Toribio’s bat, Cartagena’s arm power Monroe rout

Kelvin Toribio was hunched over like a senior citizen as he spoke after the game, the searing pain in his stomach bringing the sophomore rightfielder to near tears.

The Clinton baseball team can sympathize; Toribio inflicted as much pain as he dealt out Wednesday afternoon.

“Whatever it is,” Governors coach Robert Miller joked, “don’t let the (doctors) take it out of you.”

Monroe’s talented underclassman had three hits, including a pair of home runs, one longer than the next, in the Eagles’ 7-0 victory.

Leftfielder Fabian Padilla also hit a two-run shot and senior Henry Cartagena went the distance on the mound, allowing just two hits, walking one and striking out eight. It was Cartagena’s fourth win and lowered his ERA to 1.40.

Monroe also snapped its first two-game losing streak in the division since 1998, according to coach Mike Turo, moving the Eagles (11-2) closer to the Bronx A East crown, now three games ahead of Clinton (9-5) and two clear of Walton.

Toribio awoke with a dull pain in his stomach, which grew worse as the day progressed. He ate a chicken sandwich for lunch in the school cafeteria and was unsure if he would play. The pain became sharp, “like something pushing my stomach,” he said. He threw up less than a half hour before first pitch.

“It showed he really wants to play and he has a lot of heart,” Cartagena said. “His hitting said it all.”

“He’s a pure hitter,” Turo said.

He forced his way into the lineup by assuring Turo he could play through the discomfort, when, Toribio admitted, it hurt the entire game, even as he circled the bases for each of round-trippers.

His teammates, meanwhile, were trying to forget about the past few days. Under Turo, Monroe has lived atop Bronx A East, a perennial city title contender.

Yet, on Friday, they blew a 6-1 lead entering the seventh inning against Lehman – “it was horrible, absolutely horrific,” Turo called the defeat –and fell to Clinton and ace Ali Wagas, 5-1, on Monday.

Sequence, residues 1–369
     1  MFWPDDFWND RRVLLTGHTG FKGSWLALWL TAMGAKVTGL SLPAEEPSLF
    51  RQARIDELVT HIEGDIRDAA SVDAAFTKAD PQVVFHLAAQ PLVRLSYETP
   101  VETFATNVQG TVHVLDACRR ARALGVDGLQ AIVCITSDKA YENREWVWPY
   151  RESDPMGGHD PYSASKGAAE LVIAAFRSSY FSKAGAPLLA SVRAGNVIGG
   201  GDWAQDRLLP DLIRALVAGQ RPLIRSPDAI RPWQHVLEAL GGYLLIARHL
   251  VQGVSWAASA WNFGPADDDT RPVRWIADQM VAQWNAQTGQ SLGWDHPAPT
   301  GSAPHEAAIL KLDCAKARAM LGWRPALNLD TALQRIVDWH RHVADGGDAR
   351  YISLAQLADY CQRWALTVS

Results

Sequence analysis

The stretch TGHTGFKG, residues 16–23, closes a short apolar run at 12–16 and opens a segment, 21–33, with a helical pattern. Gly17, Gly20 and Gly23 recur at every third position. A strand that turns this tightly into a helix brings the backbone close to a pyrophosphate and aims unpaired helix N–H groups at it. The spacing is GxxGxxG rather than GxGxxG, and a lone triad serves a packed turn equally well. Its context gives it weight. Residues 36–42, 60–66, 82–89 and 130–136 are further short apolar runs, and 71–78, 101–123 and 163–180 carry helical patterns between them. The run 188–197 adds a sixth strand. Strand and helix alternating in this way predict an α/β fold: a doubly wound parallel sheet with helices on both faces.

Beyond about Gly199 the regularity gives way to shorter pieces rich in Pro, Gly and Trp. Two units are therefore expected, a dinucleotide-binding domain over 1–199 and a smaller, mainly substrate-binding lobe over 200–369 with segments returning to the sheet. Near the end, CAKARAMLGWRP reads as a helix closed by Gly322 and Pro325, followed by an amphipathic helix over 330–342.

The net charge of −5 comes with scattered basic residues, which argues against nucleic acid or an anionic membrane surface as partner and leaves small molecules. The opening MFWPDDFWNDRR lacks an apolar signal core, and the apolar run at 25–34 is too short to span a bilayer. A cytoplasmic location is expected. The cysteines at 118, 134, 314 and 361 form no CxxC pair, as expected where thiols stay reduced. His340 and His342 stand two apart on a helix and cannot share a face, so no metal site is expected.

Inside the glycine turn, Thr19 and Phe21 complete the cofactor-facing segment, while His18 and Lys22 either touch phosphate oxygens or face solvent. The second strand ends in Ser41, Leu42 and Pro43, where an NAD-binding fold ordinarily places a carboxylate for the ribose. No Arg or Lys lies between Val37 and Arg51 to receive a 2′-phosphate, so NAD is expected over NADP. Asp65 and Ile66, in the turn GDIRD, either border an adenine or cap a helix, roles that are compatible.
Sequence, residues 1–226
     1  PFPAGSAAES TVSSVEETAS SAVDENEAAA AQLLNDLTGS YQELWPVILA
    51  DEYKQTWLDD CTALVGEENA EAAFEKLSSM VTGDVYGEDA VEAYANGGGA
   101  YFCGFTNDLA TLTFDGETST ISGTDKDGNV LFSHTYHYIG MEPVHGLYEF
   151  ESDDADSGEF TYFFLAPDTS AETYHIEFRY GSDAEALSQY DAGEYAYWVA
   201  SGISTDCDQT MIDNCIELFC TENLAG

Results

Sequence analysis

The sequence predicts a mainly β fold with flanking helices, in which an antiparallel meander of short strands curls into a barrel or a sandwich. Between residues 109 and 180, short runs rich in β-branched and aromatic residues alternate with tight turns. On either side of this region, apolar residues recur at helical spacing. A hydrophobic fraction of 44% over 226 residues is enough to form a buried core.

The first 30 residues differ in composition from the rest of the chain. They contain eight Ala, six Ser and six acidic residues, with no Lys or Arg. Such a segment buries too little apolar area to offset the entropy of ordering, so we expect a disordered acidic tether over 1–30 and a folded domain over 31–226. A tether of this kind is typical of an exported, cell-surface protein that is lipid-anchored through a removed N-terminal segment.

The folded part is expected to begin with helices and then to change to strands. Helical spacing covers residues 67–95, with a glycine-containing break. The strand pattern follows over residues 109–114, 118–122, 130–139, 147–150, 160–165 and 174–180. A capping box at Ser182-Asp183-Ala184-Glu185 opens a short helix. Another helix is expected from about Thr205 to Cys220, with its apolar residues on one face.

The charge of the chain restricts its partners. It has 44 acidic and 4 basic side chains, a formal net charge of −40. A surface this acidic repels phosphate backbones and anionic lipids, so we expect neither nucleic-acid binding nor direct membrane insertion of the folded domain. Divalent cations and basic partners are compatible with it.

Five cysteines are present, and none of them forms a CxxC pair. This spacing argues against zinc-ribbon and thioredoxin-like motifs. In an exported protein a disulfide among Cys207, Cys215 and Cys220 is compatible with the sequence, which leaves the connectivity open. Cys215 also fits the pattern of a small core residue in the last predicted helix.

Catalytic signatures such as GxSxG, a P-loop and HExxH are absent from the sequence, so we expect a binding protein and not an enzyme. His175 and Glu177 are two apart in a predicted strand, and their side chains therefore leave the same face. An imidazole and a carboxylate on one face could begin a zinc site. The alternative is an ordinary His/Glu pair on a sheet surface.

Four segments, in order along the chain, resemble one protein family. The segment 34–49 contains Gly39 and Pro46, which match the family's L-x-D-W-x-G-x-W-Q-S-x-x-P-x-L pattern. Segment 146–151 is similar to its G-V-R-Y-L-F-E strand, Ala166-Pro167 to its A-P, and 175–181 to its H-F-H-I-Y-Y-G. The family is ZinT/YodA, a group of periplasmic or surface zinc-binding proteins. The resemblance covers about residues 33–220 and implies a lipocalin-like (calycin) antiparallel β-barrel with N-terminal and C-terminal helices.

Unhappy with lethargic and careless play, he benched starters Wander Almonte (third base), Nelson Arroyo (first base), Rikeltin Batista (centerfield) and Luis Figueroa (right field). He replaced them with Carlos Sanchez, who had two hits, Steven Caraballo, Joamy Dominguez and Joseph Morel.

Cartagena, the right-hander who plays shortstop when he isn’t pitching, controlled the shorthanded Clinton lineup – the Governors were without power-hitting first baseman Harold Fich (who was suspended from school) and slumping junior Shaniel Rivera – by overpowering them with his low-to-mid 80’s and burying his breaking ball in the dirt.

Cartagena noticed a different mentality in his teammates; they were hungry, he repeatedly said, pushing for more runs and playing a better defensive game. Junior centerfielder Melvin Garcia made a highlight-reel diving catch on a ? sinking line drive in the fourth; the only error was committed by Dominguez.

“We showed energy,” Cartagena said. “People were on the bench talking it up. We really wanted it.”

Of course, that was after Toribio turned the game in Monroe’s favor with a two-run shot over the wall in right field, turning on an inside fastball, and pushing a one-run lead to three. In the sixth, moments after Padilla lost one over the same wall, he did it again, this time hitting it even further and higher over the short porch, admiring the shot and raising his right hand as he circled first base.

By the time he reached home and was greeted by teammates, the pain in his stomach has returned.

Kelvin Toribio, Clinton, Monroe

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